blank'/> THE PUCK REPORT: June 2015

Wednesday, June 24, 2015

2015 NHL Individual Awards Winners

When it comes to the NHL Awards, a handful are earned on statistical achievement while the rest are won through votes cast by various organizations depending on the award. The chart below shows the award winners for the 2015 NHL season.

NHL Award              Winner 
Conn Smythe Trophy                              Duncan Keith
Art Ross Trophy Jamie Benn
Maurice Richard Trophy Alex Ovechkin
Plus-Minus Award Max Pacioretty/Nikita Kucherov
Hart Trophy Carey Price
Ted Lindsay Award Carey Price
Selke Trophy Patrice Bergeron
Norris Trophy Erik Karlsson
Vezina Trophy Carey Price
Jennings Trophy Carey Price/Corey Crawford
Roger Crozier Award Carey Price
Calder Trophy Aaron Ekbald
Jack Adams Award Bob Hartley
GM of the Year Steve Yzerman
Bill Masterton Trophy                        Devan Dubnyk
Lady Byng Trophy Jiri Hudler
King Clancy Trophy Henrik Zetterberg
Foundation Award Brent Burns
Messier Award Jonathan Toews

2015 NHL First All-Star Team honors went to Price (G), Karlsson (D), Subban (D), Tavares (C), Voracek (RW) and Ovechkin (LW). The 2015 NHL Second All-Star Team roster was Dubnyk (G), Weber (D), Doughty (D), Crosby (C), Tarasenko (RW) and Benn (LW).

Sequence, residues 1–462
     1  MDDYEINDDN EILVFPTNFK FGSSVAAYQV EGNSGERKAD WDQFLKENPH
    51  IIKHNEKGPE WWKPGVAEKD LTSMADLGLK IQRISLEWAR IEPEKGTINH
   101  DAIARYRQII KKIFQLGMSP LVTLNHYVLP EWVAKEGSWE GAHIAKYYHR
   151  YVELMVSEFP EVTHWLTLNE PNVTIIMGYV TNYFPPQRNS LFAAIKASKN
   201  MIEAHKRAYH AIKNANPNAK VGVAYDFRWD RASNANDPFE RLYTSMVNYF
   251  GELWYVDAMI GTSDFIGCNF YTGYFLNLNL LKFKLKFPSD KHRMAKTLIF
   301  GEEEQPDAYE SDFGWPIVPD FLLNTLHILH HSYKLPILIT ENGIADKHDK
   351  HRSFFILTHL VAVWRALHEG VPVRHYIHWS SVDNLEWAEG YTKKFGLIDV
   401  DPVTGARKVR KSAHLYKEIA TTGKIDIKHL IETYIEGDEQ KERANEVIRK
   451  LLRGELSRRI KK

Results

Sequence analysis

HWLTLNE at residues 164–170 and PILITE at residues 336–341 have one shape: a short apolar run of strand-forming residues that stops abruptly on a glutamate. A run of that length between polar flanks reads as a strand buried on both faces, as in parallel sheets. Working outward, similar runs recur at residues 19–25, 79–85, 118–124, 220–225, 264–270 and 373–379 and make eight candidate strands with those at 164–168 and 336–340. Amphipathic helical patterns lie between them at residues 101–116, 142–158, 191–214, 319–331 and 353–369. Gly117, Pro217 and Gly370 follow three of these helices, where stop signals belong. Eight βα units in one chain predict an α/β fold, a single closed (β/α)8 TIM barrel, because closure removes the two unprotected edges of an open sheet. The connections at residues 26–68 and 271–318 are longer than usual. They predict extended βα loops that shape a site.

The 2015 NHL All-Rookie Team was comprised of newcomers Jake Allen (G), Aaron Ekblad (D), John Klingberg (D), Mark Stone (F), Johnny Gaudreau (F) and Filip Forsberg (F).

* See also 2014 NHL Individual Awards Winners.
* See also 2013 NHL Individual Awards Winners.
* See also 2012 NHL Individual Awards Winners.
* See also 2011 NHL Individual Awards Winners.
* See also 2010 NHL Individual Awards Winners.
* See also 2009 NHL Individual Awards Winners.

Tuesday, June 16, 2015

NHL Playoff Seeding and Stanley Cup Wins

Tweaks to the playoff seeding system prior to the 1994 regular season awarded division winners with the top three spots in each conference, saving the final five positions for the next highest finishing teams. In the 21 seasons since, a division champion has made it to the Stanley Cup Finals every year but three (2012, 2014, 2015), winning 15 of 21 times.

Realignment before the 2014 regular season reduced the number of divisions in each conference (from three to two) and introduced a revised playoff structure with teams playing through their division (with possible wildcard exceptions). For the purposes of this post we'll continue to ascribe conference standings to team seeding to test the importance of regular season finish on postseason performance, despite different playoff matchup methodology.